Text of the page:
Shortened words are common in Japanese. Long words are contracted into shorter forms. For example, the University of Tokyo, in Japanese Tōkyō Daigaku (東京大学) becomes Tōdai (東大) and "remote control", rimōto kontorōrā, becomes rimokon. Names are also contracted in this way. For example Takuya Kimura, in Japanese Kimura Takuya, an entertainer, is often referred to as Kimutaku, from the first two kana of his first and last name.
The names of some very familiar companies are also also contractions. For example, Toshiba, Tōshiba (東芝) is a contraction of Tōkyō Shibaura (東京芝浦).
There are several different ways that words are contracted depending on the kind of word.
In kanji words, words derived from Chinese, the most common way is by taking the first kanji of each of the words and putting them together. For example, Toukyou Daigaku (東京大学), "Tokyo University", becomes Toudai (東大). Kanji kentei (漢字検定), the test of kanji skill (see Kanji Kentei) becomes Kanken (漢検).
In loanwords and names, the most common pattern is to take the first two kana, and form a new word from the four kana put together. For example "family restaurant", famirii resutoran, a low-priced restaurant, becomes famiresu.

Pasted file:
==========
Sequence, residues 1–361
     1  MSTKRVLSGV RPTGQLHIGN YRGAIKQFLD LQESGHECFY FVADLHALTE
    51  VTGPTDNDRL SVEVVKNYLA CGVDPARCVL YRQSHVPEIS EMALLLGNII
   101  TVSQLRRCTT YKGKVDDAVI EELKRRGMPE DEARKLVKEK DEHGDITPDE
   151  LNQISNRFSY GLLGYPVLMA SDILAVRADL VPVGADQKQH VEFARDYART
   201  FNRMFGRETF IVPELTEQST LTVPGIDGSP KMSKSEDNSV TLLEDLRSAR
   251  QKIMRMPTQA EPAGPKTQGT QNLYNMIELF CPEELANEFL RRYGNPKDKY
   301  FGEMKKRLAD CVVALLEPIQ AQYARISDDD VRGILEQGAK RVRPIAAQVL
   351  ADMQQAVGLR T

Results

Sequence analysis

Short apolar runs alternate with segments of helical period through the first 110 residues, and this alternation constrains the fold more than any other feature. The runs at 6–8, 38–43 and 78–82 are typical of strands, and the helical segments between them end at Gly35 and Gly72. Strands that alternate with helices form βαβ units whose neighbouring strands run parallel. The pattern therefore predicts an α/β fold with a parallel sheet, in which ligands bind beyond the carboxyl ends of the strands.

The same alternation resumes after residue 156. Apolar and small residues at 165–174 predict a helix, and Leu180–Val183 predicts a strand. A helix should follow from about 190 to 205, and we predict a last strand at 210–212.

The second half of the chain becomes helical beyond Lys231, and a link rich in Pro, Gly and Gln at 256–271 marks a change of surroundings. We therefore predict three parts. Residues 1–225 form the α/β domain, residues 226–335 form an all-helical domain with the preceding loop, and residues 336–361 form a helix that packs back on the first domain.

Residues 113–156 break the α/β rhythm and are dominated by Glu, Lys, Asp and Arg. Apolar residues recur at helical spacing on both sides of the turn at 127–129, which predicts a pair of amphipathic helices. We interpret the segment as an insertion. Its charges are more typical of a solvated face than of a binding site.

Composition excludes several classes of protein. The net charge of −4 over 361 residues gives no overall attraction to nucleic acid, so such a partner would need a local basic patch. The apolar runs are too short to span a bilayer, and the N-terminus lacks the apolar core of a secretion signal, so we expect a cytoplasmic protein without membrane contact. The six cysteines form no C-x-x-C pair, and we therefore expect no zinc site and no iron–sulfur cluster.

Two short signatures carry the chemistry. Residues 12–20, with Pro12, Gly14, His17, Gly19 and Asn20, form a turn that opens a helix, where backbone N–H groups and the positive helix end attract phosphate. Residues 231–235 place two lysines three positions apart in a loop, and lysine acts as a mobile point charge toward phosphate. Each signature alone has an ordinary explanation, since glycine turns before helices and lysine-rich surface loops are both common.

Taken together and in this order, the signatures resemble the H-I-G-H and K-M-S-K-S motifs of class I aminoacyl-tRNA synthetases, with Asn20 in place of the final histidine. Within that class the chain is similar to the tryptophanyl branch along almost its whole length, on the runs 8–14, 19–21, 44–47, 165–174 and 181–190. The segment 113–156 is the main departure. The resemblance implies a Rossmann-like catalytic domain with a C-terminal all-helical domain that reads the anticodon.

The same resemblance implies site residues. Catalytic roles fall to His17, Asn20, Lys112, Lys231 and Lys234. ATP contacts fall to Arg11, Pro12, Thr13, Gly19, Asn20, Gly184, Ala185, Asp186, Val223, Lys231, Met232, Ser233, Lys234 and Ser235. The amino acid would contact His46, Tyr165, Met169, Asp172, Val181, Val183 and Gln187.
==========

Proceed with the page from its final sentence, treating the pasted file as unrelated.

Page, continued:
Japanese long vowels and sokuon may disappear; Harry Potter, originally Harī Pottā (ハリー・ポッター), is contracted to Haripota (ハリポタ). Names may be altered in other ways: actress Kyoko Fukada, Fukada Kyōko (深田恭子), becomes Fukakyon (フカキョン). Brad Pitt, Buraddo Pitto (ブラッド・ピット), becomes Burapi (ブラピ).
Another common pattern is to remove the end of a long word to make a new word. anime (アニメ) is a truncated version of animēshon (アニメーション), "animation", and depāto (デパート) is a truncation of depātomento sutoa (デパートメント・ストア), "department store". These are also a kind of made-in-Japan English (see What are these pseudo English words like salaryman?).
Many four character abbreviations have been created for particular products or TV shows. For example, Pokemon (ポケモン), the well-known card game and animated series, is a contraction of Poketto Monsutā (ポケット・モンスター), "Pocket Monsters".
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